HERKIMER, N.Y. -- The New York State Department of Education (DOE) is now requiring all New York State schools to drop any Native American imagery or names as their mascots or risk losing state funding.
Herkimer BOCES Superintendent, Sandra Sherwood said the new requirement did not come as a surprise to her, stating that the education commissioner made the new requirement a focus area for the upcoming school year six or seven months ago.
At least eight districts in NewsChannel 2's viewing area have Native American mascots.
Sherwood believes historical background will play a big part in the switches.
"I think it's going to be a matter of what is the historical nature. And I do believe that probably upstate New York has heavy Native American influences so many will trace back," Sherwood said.
According to the DOE they are still developing regulations for the new requirement and issues will be reviewed on a case-by-case basis.
Districts will have until the end of this school year to comply with the directive or risk the loss of funding and even school officers such as the superintendent.
Sherwood says that both schools that use the current "Indians" mascot, West Canada Valley and Richfield Springs, have already started discussions about the change.
The state recommends any districts that have questions about the process, reach out to schools that have already retired their mascot.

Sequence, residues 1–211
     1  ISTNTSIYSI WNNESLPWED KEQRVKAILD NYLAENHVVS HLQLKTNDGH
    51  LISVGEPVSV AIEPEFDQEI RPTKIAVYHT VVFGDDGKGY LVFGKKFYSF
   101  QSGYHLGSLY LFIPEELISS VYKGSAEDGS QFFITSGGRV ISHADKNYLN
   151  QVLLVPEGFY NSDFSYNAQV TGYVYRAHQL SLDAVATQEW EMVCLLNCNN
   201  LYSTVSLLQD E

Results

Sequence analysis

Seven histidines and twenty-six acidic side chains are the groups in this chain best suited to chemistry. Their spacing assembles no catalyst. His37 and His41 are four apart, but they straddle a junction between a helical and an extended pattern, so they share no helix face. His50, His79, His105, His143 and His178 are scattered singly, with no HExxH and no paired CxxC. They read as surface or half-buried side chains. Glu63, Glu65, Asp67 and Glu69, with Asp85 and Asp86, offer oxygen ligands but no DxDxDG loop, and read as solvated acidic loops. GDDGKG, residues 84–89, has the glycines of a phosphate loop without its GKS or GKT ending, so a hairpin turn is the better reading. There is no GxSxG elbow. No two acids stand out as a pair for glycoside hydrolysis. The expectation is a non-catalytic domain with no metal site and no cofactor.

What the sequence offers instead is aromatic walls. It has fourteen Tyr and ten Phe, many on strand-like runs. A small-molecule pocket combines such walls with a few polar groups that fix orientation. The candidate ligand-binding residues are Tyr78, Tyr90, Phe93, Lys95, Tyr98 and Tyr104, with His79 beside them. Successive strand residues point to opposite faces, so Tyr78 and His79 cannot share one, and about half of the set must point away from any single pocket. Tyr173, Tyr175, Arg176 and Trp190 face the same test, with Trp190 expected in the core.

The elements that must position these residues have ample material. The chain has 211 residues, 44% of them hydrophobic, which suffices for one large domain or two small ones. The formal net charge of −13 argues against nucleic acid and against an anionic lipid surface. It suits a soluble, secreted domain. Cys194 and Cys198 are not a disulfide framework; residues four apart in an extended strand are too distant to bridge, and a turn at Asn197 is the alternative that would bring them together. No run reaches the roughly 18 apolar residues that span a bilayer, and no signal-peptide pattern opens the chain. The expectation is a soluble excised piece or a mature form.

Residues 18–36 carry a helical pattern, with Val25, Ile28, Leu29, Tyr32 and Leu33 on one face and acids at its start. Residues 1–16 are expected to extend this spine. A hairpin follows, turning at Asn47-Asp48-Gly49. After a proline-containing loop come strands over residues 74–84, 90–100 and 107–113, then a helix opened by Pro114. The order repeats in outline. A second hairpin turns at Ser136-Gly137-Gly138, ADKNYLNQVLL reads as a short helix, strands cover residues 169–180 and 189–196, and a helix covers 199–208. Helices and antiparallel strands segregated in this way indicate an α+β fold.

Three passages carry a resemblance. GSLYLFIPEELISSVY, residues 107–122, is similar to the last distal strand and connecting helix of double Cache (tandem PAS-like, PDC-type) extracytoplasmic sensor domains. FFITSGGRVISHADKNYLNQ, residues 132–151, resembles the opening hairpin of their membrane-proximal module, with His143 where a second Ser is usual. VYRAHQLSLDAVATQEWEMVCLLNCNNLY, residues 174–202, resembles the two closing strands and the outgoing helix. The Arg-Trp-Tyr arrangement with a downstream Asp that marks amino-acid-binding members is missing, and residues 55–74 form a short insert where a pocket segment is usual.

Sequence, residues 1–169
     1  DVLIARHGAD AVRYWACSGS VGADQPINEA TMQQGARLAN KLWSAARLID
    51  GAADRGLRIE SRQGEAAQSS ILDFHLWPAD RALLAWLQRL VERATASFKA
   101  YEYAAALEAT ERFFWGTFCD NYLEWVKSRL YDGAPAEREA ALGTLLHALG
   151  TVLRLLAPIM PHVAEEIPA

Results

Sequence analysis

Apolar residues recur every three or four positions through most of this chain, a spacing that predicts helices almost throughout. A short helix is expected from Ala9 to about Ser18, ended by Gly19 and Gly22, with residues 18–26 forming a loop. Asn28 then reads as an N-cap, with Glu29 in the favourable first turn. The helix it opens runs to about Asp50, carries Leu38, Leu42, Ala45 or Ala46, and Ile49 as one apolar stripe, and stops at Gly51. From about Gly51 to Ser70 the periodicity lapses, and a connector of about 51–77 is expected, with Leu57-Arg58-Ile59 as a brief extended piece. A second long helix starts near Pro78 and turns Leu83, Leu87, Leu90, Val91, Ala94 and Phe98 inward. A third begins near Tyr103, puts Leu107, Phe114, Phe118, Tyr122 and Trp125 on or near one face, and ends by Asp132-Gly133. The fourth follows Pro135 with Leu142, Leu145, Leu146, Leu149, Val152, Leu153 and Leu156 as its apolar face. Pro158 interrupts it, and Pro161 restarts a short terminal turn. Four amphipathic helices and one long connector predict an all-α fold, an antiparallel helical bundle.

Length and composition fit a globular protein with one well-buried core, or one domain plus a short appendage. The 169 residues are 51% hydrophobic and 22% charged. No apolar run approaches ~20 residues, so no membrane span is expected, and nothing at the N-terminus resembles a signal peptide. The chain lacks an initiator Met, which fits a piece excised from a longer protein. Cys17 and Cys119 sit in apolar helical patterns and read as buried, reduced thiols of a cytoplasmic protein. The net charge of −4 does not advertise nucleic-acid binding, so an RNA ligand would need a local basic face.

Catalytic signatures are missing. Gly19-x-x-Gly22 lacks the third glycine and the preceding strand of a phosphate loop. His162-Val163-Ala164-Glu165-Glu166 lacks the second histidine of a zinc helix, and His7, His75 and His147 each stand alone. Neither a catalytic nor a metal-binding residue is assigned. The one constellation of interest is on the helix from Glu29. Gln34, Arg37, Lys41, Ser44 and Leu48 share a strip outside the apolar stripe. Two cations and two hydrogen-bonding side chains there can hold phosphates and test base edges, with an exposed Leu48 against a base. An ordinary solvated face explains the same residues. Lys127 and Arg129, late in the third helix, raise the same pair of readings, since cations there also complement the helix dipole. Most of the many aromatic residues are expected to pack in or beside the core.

The Oneida Indian Nation takes these references seriously and pushed for the name change of the Washington NFL team, which became the Washington Commanders earlier this year.
Oneida Indian Nation Representative Ray Halbritter released the following statement on the DOE decision:
“The Oneida Indian Nation believes that the institutions that teach our children need to be places of safety and tolerance. Schools should be going out of their way to make children of all ethnicities and heritages feel comfortable - that is what the New York State Education Department is attempting to do with their notice to schools to remove Native American mascots. At its core, this issue is really about how this state views its responsibilities to an increasingly diverse population. For too long, we have permitted old traditions to persist - the kind that suggest, in some circumstances, that it is acceptable to use dictionary defined slurs as mascots, like was the case with the Washington NFL team before they changed their names.
Native American organizations, civil rights groups and public health organizations have made clear the damage that the mascotization of Native people has on our youth. Promoting inclusivity and mutual respect is the best way to unify our communities moving forward.”